A two-minute read.
I’ve heard about people who can’t remember the face of their spouse who died. I get that. I have two daughters. Distant memories who randomly appear like a sailboat slipping through a dense fog. I haven’t seen them since May 2011. If you don’t have time to count that’s almost nine years. Eight years and five months to be exact. Over 3,000 days. A long time.
They have blocked me on social networks—so I can’t see pictures. Therefore my girls are frozen in time as I vaguely remember them. Almost ten years younger. I hear they both have children now. Three little boys. I have no memories of them because we’ve never met.
It’s partly my fault. I raised my girls in a religion that preaches forgiveness but practices hate. A cult that allows love for only their kind—which I am not any longer. And so I am cast out. My free-thinking is a danger to their fragile system of beliefs. I might corrupt their children. The end justifies the means. If they don’t think about me then perhaps it’s not a sin.
The ball is now firmly in their court. I have begged forgiveness so many times I can’t count. I have groveled. I have wept bitter tears. For almost nine years. And they have taught me a tragic truth—I can live without them.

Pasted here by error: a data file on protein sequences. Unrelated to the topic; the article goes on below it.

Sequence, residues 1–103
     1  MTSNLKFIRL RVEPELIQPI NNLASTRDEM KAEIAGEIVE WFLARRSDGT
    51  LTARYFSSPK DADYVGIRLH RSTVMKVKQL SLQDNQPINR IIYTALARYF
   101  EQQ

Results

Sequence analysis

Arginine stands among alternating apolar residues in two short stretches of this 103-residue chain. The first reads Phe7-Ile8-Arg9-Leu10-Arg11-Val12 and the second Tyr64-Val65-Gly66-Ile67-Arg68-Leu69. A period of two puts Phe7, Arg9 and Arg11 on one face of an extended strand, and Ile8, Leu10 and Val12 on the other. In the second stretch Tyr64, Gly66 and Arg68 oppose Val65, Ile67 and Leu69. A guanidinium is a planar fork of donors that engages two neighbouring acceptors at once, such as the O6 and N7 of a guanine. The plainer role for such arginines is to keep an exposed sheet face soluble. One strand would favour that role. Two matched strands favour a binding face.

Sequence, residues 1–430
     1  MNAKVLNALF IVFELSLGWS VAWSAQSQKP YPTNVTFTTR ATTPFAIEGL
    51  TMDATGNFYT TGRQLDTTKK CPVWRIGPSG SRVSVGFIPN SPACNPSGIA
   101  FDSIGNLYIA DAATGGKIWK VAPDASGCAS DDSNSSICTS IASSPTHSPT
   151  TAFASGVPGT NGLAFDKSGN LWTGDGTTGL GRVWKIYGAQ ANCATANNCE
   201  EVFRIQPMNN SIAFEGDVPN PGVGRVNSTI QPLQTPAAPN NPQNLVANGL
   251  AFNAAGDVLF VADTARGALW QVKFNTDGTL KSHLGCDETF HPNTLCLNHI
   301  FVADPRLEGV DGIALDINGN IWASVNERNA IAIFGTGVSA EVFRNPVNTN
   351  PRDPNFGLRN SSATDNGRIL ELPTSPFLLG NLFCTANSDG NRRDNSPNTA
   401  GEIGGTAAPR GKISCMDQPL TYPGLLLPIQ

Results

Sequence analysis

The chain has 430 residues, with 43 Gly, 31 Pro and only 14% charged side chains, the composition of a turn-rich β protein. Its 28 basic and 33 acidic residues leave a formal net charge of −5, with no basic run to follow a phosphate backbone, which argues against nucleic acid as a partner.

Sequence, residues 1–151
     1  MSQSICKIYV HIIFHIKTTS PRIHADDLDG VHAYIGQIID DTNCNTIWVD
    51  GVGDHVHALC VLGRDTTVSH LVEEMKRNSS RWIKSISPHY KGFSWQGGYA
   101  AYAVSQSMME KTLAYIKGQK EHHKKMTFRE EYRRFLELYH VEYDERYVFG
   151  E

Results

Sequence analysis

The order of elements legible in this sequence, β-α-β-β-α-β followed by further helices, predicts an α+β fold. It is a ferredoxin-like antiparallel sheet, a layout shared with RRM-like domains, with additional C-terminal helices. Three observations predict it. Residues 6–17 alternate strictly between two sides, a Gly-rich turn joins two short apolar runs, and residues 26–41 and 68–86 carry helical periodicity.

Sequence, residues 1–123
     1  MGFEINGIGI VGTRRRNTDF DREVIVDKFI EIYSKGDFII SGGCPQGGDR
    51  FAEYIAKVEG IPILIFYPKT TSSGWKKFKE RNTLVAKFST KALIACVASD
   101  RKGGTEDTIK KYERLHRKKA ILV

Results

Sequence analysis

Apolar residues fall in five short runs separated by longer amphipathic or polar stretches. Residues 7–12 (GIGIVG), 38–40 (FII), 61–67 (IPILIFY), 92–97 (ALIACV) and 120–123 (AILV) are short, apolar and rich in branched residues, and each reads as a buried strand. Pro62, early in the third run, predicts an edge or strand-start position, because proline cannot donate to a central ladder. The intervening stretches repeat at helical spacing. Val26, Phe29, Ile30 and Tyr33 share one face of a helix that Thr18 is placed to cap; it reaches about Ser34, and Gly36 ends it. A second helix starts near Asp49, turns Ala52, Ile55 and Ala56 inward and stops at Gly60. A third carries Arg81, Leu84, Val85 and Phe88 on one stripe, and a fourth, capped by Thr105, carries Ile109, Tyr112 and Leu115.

I now go along happily in my new life—a free and clear person. In fact, in my wildest dreams, I never knew I could be this happy. Every day brings new joy. Until the night. When dreams come. I’ve tried everything to stop them. No eating or drinking after 5pm. No sugar, no caffeine, increased physical exercise. No sleeping on my back.
But inevitably the dreams come. Sometimes not for weeks, but then other times back to back. Tearful reunions, mutual apologies, proudly meeting grandchildren, catching up on life, and indescribable relief—oh, the relief. The bitter tears turn to joy. Sentimental movies that yield once again to the harrowing reality of morning. The dream was a nightmare—yet another distant memory.
I’ve heard about people who can’t remember the face of their spouse who died. I get that. I have two daughters.
Photo: I painted this watercolor—one of the few memories of them I possess—about ten years ago. I wonder if they have changed?